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Mon Apr 12 14:47:48 UTC 2010

This was a household term in Des Moines, Iowa, when I was growing up in the 1950s and '60s. It was understood as the opposite of "homemade." Consequently, a "boughten" birthday cake, or dress, or whatever, was considered much more special than the homemade version. Kids whose families had  more money tended to enjoy "boughten" stuff, while cheeseparers like us had to make do with homemade. 

A competing adjective was "store-bought."

Pat O'Conner

Date:    Sun, 11 Apr 2010 09:00:19 -0700
From:    Bruce Hunter <bhunter3 at MINDSPRING.COM>
Subject: Re: Boughten

Also in western NY, Erie County, rural family, my mother's aunt (late),
until late 1990's.

Bruce Hunter

Steve Kleinedler wrote:
> As a native Michigander it is completely in my idiolect. When I go
> home, because I see my extended family in social contexts where food
> is involved, I hear it all the time in contrast to homemade.
> In fact, it wasn't until I was in my early thirties when I was working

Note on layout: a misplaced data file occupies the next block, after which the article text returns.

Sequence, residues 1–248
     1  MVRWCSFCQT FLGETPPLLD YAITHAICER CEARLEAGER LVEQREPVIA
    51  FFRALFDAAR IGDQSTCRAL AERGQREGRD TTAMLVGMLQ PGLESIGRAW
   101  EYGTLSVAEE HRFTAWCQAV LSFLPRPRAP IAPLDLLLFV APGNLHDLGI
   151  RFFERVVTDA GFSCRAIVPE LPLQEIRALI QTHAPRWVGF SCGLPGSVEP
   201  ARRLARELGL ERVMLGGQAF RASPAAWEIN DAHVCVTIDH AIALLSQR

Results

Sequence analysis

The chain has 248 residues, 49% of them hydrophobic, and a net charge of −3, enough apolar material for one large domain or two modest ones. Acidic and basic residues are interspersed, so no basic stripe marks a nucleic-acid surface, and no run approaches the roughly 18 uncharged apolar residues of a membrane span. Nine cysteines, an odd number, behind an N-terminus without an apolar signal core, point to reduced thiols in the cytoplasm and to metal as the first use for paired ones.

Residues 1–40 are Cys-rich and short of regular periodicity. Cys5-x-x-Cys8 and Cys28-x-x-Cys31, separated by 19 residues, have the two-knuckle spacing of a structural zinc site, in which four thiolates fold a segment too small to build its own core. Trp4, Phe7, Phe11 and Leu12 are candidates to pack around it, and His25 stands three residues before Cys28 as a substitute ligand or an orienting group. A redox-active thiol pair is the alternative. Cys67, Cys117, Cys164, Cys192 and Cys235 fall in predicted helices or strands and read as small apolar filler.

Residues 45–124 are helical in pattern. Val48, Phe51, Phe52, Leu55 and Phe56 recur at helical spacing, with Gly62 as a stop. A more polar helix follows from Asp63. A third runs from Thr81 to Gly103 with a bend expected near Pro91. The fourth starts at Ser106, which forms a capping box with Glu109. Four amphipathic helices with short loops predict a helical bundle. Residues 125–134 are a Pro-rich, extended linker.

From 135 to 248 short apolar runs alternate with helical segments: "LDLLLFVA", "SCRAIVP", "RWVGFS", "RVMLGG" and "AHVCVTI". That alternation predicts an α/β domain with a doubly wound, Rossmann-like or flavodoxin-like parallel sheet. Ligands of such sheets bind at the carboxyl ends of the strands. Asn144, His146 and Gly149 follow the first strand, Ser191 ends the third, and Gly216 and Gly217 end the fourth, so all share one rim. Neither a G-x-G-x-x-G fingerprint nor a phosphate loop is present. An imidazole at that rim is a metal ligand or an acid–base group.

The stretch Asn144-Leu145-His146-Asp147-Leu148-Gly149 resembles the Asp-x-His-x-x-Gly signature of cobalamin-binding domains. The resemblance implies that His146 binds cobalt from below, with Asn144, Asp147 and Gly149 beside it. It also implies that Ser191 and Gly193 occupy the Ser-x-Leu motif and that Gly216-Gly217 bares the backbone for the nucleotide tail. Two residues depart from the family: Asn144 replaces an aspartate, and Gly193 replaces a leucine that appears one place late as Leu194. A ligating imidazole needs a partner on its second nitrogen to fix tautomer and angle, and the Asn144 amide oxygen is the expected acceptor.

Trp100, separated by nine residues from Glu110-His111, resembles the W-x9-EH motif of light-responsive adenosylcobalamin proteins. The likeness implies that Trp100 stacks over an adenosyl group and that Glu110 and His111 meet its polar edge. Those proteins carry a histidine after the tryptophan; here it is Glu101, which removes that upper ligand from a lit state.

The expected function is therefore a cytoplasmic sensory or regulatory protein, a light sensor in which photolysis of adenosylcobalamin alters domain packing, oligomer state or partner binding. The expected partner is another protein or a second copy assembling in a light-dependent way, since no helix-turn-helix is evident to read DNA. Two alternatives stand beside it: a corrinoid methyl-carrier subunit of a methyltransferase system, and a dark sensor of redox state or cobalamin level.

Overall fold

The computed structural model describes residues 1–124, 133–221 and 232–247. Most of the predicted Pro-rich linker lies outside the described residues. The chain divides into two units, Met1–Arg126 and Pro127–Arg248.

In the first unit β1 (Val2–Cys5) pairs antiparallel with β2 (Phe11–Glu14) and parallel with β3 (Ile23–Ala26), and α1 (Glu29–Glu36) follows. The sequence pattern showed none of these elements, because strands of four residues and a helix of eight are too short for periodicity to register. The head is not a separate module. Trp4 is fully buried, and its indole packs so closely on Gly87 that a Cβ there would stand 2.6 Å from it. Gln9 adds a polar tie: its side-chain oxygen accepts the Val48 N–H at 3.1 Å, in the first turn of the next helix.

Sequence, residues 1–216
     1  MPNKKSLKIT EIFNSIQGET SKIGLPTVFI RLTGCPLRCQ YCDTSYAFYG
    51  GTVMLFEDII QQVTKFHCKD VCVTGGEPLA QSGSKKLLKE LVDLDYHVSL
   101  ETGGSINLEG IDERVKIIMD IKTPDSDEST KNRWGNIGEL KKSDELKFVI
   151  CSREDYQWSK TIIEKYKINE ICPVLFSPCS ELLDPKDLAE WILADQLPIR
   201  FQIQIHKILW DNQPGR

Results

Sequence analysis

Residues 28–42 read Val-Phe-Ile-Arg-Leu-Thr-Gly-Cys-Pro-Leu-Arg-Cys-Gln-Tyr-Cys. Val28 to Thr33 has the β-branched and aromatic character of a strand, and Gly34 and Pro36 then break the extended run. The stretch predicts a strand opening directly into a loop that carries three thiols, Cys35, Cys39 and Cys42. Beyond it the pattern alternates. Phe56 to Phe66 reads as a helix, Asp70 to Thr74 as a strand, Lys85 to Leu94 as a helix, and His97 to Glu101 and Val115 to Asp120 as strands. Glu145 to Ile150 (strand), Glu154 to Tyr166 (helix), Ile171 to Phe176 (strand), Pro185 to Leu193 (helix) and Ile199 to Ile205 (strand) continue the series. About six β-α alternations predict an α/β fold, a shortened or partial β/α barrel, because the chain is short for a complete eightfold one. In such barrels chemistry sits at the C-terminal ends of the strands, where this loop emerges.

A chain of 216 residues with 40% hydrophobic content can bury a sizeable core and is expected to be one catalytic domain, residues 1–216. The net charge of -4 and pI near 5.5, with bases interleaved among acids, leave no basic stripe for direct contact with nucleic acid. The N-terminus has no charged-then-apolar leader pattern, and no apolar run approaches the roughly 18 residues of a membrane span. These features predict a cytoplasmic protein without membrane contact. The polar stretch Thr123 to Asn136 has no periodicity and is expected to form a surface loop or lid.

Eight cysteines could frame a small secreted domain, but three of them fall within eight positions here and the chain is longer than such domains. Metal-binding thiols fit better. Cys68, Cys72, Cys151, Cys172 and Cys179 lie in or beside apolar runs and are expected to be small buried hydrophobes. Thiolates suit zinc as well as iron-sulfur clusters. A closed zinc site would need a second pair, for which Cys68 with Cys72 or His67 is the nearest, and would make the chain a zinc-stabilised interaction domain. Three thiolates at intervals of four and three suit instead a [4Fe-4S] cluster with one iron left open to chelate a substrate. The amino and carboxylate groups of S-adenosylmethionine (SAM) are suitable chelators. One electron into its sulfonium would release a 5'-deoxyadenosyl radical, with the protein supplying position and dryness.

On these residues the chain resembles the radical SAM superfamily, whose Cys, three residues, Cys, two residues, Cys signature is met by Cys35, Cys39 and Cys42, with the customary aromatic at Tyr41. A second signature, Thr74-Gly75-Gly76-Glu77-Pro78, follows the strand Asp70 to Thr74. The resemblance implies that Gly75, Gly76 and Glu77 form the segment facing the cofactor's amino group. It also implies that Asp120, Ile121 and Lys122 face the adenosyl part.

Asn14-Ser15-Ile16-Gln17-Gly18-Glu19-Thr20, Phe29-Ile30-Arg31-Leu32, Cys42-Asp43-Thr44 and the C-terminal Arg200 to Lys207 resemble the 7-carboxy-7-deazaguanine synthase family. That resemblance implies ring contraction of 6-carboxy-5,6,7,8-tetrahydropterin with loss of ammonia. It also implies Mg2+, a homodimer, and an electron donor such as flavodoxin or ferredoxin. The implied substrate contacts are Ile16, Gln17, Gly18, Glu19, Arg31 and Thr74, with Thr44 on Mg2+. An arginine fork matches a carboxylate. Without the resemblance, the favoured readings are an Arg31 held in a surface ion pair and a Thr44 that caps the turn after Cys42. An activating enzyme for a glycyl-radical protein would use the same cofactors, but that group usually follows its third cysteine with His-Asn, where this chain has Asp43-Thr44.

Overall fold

> on that run of B in the American Heritage Dictionary did I come to
> find that not only is it regional, but pretty much everyone outside of
> Michigan finds it pretty weird.
> --short message because it's from my iPhone
> On Apr 11, 2010, at 5:07, Michael Quinion <wordseditor at WORLDWIDEWORDS.ORG
> > wrote:
>> The leader of the Conservative Party, David Cameron (Eton and
>> Oxford), was
>> visiting a big bakery in Bolton last week. He made a joke about his
>> failure to make his own bread: "So it'll be back to boughten loaves in
>> future." This adjective (meaning shop-bought) isn't known in standard
>> British English, though it was once in the dialects of southern
>> England
>> (almost completely defunct now, I believe). I'm wondering if Cameron
>> might
>> have picked it up in the US. Some newspaper comments I've read suggest
>> that, though it's known, it's deprecated as dialectal or regional.
>> What do
>> you say about its US distribution and status?
>> --
>> Michael Quinion
>> Editor, World Wide Words
>> Web:

The American Dialect Society -

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